And it's over! The 48th FOCS ended at 6.10pm with a talk on "The Computational Hardness of Estimating Edit Distance". About 50 brave souls lasted the whole three days.

Overall it was a really great FOCS. The results were good. The company was good. I have to admit, even the food was generally pretty good!

See you all next spring at STOC in Victoria.

FOCS VII : Funding? NSF? whats it all about?

(Another Guest post from Nicole!) More from the Business Meeting

Funding status report: I'm not really the right person to blog about funding since I have never yet applied for a grant. From the business meeting, it seems like a lot of people are doing a lot of hard work to funnel more of the NSF budget into our hands. They seem to have had some success. There are two new initiatives -- CDI, Expeditions -- and several old ones which now have more money than before -- ToC, SING. Funding rates seem to be around 25% (33% for CAREER). (An aside, maybe we should also try in an organized way to funnel more of the federal budget into the NSF by, e.g., writing our representatives in congress -- you don't have to be a citizen to do this -- or through PR campaigns.)

But you can find all this info on the NSF website. What you can't find on the NSF website is how it affects us young academics. I am about to start my first faculty job, and funding has suddenly become a very real issue for me. I see these numbers, I hear about these politics, and I am totally in the dark. I have never written a proposal, never even read a proposal. I don't know how to play the game. I know my senior colleagues will help me through this process, but that does not reduce the anxiety. I suppose every career path has rites of passage like these. The thing is some rites of passage are fun. I could be wrong, but I'm not looking forward to this one. ~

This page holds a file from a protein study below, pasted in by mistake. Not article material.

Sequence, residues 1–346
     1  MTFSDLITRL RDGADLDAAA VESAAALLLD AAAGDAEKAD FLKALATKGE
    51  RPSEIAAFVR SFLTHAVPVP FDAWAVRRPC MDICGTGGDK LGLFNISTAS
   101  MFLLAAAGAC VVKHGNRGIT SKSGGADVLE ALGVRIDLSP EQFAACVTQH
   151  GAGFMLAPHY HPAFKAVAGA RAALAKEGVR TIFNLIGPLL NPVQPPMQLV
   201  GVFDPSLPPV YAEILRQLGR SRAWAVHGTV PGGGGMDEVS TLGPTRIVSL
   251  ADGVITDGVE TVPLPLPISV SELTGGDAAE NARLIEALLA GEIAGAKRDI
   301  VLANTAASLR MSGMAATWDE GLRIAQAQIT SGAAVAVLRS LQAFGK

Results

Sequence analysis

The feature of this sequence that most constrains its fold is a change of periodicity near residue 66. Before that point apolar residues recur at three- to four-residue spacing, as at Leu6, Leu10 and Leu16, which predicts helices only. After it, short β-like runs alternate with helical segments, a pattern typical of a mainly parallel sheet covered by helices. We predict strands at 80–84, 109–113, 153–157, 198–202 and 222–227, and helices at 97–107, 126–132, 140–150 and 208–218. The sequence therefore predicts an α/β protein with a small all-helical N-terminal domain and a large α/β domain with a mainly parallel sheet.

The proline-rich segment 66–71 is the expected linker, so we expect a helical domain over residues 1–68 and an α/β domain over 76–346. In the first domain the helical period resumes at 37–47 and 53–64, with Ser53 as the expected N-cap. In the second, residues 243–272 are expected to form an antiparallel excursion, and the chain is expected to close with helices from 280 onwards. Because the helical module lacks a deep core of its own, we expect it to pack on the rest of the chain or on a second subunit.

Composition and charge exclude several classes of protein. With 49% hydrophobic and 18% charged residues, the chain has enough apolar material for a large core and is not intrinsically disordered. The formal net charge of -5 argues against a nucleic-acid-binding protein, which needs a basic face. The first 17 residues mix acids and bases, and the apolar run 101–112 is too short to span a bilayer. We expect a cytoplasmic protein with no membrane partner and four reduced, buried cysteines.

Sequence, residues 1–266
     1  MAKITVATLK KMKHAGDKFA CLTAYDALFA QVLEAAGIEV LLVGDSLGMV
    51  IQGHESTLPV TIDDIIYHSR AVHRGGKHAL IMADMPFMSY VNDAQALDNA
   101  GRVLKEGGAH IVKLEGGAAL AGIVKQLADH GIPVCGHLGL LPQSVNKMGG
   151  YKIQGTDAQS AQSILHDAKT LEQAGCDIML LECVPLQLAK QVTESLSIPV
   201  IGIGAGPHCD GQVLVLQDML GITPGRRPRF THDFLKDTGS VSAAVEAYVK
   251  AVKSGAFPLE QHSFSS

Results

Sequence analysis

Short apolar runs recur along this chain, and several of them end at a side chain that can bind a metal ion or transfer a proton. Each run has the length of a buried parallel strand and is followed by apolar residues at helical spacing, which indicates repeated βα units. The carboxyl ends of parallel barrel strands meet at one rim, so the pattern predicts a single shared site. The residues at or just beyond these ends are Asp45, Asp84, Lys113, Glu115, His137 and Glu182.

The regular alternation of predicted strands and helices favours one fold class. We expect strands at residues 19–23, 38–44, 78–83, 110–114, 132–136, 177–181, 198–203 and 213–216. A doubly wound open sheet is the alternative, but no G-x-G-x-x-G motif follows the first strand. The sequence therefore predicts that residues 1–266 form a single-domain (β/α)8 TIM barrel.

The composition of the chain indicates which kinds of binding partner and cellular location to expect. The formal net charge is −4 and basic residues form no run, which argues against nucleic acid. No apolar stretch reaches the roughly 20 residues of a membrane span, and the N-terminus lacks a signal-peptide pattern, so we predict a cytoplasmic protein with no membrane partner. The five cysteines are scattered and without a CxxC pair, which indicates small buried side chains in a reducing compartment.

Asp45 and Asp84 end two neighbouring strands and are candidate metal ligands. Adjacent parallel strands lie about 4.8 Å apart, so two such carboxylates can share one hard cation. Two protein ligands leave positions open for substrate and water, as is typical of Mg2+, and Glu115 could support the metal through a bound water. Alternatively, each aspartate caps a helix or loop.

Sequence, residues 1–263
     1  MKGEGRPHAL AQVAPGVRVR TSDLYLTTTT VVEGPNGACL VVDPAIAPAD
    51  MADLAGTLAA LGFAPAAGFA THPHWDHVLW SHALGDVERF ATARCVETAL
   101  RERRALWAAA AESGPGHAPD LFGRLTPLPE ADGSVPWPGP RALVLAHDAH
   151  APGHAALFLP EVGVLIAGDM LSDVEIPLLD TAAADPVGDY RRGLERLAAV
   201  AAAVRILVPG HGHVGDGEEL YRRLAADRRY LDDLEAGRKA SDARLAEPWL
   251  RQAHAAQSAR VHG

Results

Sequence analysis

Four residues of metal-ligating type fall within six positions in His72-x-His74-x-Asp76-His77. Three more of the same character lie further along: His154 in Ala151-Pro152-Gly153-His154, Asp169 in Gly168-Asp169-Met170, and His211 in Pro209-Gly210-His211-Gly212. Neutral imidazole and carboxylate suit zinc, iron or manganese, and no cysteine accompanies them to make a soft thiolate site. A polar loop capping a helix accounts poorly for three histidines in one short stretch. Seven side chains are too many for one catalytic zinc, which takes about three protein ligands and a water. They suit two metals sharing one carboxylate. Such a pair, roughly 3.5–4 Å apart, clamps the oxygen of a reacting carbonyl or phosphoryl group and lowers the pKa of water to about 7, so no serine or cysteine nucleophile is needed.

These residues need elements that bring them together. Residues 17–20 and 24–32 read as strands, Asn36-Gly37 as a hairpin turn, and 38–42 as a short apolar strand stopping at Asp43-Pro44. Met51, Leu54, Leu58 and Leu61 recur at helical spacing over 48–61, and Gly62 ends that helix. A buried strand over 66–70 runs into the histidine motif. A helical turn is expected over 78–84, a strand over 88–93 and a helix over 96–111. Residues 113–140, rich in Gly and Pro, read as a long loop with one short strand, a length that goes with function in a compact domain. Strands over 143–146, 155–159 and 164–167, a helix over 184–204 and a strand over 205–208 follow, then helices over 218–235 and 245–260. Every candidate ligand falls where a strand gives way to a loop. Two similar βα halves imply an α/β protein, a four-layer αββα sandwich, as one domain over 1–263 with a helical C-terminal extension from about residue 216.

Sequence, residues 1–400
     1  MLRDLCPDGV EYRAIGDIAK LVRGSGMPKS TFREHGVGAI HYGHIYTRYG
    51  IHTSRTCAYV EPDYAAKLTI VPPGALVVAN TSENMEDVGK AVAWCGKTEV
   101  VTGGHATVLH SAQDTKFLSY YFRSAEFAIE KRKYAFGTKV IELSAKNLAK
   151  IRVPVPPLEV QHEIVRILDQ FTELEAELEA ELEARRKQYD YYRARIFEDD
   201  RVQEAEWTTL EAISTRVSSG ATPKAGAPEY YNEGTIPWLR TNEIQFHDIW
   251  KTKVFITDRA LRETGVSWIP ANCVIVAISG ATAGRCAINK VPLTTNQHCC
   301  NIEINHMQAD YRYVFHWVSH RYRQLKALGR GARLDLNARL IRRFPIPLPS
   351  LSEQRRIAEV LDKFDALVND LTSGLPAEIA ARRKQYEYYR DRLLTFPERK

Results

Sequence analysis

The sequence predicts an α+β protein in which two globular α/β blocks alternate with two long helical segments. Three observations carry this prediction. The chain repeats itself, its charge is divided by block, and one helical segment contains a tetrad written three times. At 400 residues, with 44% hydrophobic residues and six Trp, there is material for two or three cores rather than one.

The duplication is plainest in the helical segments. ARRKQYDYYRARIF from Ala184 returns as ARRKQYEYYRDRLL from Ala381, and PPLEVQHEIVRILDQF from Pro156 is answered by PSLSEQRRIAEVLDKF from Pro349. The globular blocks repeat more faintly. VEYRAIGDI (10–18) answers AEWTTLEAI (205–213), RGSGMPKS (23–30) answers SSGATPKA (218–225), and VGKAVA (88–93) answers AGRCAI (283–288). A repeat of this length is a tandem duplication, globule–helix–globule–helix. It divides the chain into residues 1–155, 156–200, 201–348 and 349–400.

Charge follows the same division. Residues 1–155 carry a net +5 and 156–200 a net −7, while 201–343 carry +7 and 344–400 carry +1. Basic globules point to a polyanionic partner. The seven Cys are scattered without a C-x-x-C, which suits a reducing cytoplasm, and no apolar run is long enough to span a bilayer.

FOCS VI- Local Arrangements AND the future of FOCS!

(Another Guest post from Nicole!)

The business meeting was fun thanks to Mihai!

Local arrangements: First, let me say how wonderful the local arrangements were this year, a sentiment I've heard from many others here. Thanks so much for making this FOCS happen.

Claire gave a very detailed account of the local arrangements. The general message seemed to be that things are expensive. Expenditures this year reached $100K. The usual culprits were at fault -- food ($265 per person, total of $66,000), paper proceedings ($32 per person, total of $11,700), PC meeting/registration fees ($12,000), room/equipment rental ($4,200). Everything sunk in when it was announced that we're looking at a $525 registration fee for STOC 2008 in Victoria, admittedly thanks in part to the falling dollar.